A couple of nights ago, rock concerts across the world worked together to try to convince these leaders to begin to retire debt in impoverished countries in Africa. Definitely a noble cause to trumpet; Bono of U2 has been at the forefront of this cause for years. The concertgoers and viewers on television were encouraged to visit the One website and sign a petition supporting the debt relief:
“WE BELIEVE that in the best American tradition of helping others help themselves, now is the time to join with other countries in a historic pact for compassion and justice to help the poorest people of the world overcome AIDS and extreme poverty. WE RECOGNIZE that a pact including such measures as fair trade, debt relief, fighting corruption and directing additional resources for basic needs – education, health, clean water, food, and care for orphans – would transform the futures and hopes of an entire generation in the poorest countries, at a cost equal to just one percent more of the US budget. WE COMMIT ourselves - one person, one voice, one vote at a time - to make a better, safer world for all.”
This is an excellent idea where we have some semblance of respect with the sitting government. They can better use their resources in the vein of improving the health of their own countries without having the burden of oppressive debt.
The problem comes in with cases where there is not such a pleasant government in place. One of the ways that the G8 uses their oppressive debt ratios (and the US in particular, at least for this argument) is to force not so pleasant governments to fall in line when it comes to what the parent country considers to be important issues (health, food, etc.). Consider it as the wealthy donor of a university threatening to withdraw his substantial support of the school. The majority of the time, the school will suddenly change its mind and fall in line with the big supporter. With the threat of having to make good on the debt, the government is more likely to go along with the demands of the debtor.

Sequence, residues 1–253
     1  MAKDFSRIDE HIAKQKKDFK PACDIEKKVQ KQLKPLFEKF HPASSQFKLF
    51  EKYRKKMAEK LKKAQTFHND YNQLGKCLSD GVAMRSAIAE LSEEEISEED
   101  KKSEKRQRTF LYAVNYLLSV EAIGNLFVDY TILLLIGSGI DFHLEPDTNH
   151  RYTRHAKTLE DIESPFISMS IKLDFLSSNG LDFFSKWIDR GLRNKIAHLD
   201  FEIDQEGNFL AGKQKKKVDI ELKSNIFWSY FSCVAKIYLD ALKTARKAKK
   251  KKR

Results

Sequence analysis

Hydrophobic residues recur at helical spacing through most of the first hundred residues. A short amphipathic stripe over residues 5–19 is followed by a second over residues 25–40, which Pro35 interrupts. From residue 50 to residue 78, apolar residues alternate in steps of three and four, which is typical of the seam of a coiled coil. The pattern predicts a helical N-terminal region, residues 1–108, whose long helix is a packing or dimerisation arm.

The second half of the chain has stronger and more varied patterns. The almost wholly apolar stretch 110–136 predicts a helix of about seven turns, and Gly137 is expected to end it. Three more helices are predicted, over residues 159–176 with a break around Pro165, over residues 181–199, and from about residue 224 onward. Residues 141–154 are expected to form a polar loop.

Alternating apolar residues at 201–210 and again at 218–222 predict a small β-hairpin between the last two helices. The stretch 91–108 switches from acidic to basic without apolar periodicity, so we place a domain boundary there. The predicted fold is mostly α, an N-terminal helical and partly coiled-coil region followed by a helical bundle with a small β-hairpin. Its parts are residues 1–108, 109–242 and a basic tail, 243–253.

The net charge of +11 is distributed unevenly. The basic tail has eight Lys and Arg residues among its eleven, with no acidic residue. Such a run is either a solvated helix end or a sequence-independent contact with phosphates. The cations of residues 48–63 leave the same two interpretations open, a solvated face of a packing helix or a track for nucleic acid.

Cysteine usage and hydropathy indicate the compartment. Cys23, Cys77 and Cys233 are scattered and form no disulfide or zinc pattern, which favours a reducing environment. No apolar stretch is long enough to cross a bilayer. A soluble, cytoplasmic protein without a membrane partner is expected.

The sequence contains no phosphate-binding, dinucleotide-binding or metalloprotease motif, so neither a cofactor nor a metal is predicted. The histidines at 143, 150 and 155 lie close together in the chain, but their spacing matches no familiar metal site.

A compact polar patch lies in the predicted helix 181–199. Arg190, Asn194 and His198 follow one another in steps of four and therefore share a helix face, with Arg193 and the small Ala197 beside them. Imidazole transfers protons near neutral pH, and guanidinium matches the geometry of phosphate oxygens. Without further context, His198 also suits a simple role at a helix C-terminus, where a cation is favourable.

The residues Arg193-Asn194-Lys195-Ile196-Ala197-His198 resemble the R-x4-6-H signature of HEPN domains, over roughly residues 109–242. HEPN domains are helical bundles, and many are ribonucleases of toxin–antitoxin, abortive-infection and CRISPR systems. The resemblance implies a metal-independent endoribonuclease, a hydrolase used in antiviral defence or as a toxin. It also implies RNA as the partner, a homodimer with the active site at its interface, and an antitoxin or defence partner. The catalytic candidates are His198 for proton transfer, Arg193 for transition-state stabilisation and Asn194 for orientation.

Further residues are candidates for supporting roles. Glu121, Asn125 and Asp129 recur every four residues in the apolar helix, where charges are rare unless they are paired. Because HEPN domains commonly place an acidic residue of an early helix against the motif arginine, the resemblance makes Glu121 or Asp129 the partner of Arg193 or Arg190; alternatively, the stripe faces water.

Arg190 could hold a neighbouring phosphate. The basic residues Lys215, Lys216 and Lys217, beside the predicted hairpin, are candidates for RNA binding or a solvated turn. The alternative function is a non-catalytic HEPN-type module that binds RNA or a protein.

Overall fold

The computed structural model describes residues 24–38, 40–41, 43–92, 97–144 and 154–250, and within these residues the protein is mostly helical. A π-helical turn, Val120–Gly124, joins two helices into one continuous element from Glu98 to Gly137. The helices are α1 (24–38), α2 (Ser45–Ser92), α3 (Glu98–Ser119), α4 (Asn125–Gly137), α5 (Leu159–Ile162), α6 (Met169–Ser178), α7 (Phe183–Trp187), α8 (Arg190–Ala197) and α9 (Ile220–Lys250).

In another case, we do need to be careful that we do not oversimplify things. Consider yourself to be a poor African farmer, and you've worked your fields for a few months growing a harvest to take to market. The day that you arrive at the market, you set up shop, only to realize that the day before, a huge shipment of the same grain that you're selling was sent by some rich kids in Cabo San Lucas. The price dropped drastically because of this shipment, and you have nothing to show for your hard three months' work. This type of thing actually happens in Africa today, because of simple carelessness on the part of people who are honestly trying to help.
Perhaps you think that the leaders of these G8 nations are only out for themselves and would stomp on every impoverished country like a grape. Don't worry, you'd actually have a lot of company believing that. Personally, I see the G8 as leaders who want the world to prosper, because lets be honest, there's more money to be had if everyone is prospering rather than through just a few that prosper. I expect to see some debt retirement soon, but also, a stronger committment to changing the governments in Africa away from totalitarian style governments to more democratically elected governments. My "pie in the sky" thought is that we are standing at the cusp of a global change to democracy.
Edit to add...
Perhaps you'd be interested in someone else's thoughts in this vein? Sure! How about:
Foreign Aid Facts at the Shape of Days
Grey Lady of Two Minds on Africa at Captain's Quarters
Live Grate at Powerline
Edit again to add:
Ack! Sorry Mr. Harrell, I'll sit in the corner with the Dunce hat on for fifteen minutes now. Here's the link on the main page to the article you mentioned in the Comments section. (By the way, love the blog, or are you going with an online magazine format now?)
One what, exactly? at the Shape of Days